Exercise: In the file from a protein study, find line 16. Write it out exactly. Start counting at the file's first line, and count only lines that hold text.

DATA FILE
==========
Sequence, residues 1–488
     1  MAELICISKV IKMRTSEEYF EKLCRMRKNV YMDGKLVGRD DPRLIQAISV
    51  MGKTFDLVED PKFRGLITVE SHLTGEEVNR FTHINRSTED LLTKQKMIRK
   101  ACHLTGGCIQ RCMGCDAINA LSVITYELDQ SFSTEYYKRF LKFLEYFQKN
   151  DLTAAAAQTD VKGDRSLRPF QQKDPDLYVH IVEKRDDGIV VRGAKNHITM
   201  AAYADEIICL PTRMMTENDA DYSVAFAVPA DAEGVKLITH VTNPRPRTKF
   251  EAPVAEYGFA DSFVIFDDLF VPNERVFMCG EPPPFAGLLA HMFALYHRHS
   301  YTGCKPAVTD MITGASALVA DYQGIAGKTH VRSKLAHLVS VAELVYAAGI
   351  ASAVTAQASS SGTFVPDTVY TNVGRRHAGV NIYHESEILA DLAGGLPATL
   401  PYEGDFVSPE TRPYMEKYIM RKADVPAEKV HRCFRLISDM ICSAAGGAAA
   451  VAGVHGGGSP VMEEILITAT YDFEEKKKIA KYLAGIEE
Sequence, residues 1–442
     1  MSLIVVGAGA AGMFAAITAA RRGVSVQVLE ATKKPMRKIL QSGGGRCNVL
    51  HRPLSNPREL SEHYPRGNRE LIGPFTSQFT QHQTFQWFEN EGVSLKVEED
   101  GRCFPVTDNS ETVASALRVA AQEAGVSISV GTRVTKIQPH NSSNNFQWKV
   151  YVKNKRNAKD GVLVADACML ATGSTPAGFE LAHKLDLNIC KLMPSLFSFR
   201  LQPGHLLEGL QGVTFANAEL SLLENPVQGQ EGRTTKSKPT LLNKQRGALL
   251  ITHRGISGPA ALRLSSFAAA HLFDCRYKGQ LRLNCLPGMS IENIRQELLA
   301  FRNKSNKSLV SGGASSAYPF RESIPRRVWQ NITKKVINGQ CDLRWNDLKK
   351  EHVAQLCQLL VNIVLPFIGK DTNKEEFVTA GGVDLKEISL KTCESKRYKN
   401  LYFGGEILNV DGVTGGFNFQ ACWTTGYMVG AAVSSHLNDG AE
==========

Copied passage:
   151  YVKNKRNAKD GVLVADACML ATGSTPAGFE LAHKLDLNIC KLMPSLFSFR